Kenneth Calhoun – Black Moon
Late Night Debut, hosted by Amber Keller
This month we feature Kenneth Calhoun’s debut novel, Black Moon, from Hogarth. “Many authors have tackled the mystique of sleeplessness—but few have done so with the grotesque grace and poetic insight of Black Moon,” writes Jason Heller at NPR Books. “… Calhoun’s biggest ideas, though, concern perception. His prose-rich passages of hallucinogenic abandon aren’t psychedelic—they’re razor-sharp. And they reflect a far more staggering truth: The breakdown of society doesn’t happen when people can no longer agree on what’s right or wrong. It happens when they can no longer agree on what’s real.”
Act 1: Host Amber Keller covers controversial and entertaining book stories in the news
Act 2: Co-host authors Daniel H. Wilson and Alex C. Renwick discuss Kenneth’s debut
Act 3: Daniel talks with Kenneth about tapping into one’s dreams, the ability to sleep like a champ, and what happens when we lose both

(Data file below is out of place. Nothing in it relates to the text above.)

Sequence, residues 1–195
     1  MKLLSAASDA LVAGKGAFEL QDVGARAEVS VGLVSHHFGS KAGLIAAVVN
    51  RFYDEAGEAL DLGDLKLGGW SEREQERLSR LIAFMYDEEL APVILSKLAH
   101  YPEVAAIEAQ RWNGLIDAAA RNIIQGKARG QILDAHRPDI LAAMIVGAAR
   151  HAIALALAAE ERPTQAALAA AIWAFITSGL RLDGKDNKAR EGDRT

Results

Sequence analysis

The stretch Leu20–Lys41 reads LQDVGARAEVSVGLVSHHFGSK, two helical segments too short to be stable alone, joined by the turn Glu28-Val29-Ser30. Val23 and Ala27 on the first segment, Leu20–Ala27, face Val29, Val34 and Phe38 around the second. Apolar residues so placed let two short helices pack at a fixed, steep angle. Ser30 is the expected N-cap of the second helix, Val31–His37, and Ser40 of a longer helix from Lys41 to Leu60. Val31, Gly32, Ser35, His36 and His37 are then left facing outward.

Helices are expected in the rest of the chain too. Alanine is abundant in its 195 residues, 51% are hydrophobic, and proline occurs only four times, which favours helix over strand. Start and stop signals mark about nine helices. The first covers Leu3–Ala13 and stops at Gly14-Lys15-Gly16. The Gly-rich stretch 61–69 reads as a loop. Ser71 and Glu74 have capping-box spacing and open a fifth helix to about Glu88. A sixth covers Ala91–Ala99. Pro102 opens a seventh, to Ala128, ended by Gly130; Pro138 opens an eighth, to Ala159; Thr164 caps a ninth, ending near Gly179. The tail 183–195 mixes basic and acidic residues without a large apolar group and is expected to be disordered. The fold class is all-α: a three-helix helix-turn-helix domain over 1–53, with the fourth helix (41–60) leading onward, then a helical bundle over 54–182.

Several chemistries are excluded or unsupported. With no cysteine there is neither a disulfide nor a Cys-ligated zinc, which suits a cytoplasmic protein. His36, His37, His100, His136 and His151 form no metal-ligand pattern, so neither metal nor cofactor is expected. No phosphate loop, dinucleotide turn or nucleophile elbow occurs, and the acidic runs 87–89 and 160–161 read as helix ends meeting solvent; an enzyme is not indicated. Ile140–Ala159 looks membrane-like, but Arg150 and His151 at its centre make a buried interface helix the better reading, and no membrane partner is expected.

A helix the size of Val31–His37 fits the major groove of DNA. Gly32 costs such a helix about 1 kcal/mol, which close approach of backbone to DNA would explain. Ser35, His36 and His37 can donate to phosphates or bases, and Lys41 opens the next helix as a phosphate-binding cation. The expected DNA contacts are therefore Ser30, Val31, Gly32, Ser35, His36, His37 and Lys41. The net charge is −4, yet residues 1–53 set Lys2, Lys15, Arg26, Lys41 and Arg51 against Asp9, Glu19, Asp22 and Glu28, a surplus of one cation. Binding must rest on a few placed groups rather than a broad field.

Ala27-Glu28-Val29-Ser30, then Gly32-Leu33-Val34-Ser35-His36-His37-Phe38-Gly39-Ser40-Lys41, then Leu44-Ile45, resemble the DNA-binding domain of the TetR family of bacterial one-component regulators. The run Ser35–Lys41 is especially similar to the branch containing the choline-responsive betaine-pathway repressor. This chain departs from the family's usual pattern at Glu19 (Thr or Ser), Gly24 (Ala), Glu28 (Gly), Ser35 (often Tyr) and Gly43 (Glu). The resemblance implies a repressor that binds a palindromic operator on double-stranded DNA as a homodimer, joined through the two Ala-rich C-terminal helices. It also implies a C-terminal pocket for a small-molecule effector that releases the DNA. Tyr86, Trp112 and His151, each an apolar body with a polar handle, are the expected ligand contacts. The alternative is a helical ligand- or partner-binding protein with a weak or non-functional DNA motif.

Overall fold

“There’s a connection between the notion of the soul—or the subconscious, let’s say, in more psychological terms—and our humanity, and those things are articulated to us in the form of dreams.”
PURCHASE BLACK MOON ON INDIEBOUND
ABOUT OUR FEATURED AUTHOR:
Kenneth Calhoun has had stories published in The Paris Review, Tin House, and the 2011 Pen/O. Henry Prize Collection, among others. He lives in Boston, where he is a graphic design professor at Lasell College.
ABOUT OUR ACT 2 CO-HOST AUTHORS:
Daniel H. Wilson is the author of the New York Times bestselling Robopocalypse and seven other books, including How to Survive a Robot Uprising, A Boy and His Bot, and Amped. Robopocalypse was purchased by DreamWorks and is being adapted for film by Steven Spielberg. Wilson lives in Portland, Oregon.
Alex C. Renwick has written dozens of short stories as Camille Alexa for various magazines and anthologies, including Ellery Queen’s and Alfred Hitchcock’s Mystery magazines. Her award-nominated short fiction collection, Push of the Sky, was an official reading selection of the Powell’s Books SF Book Club in Portland, Oregon.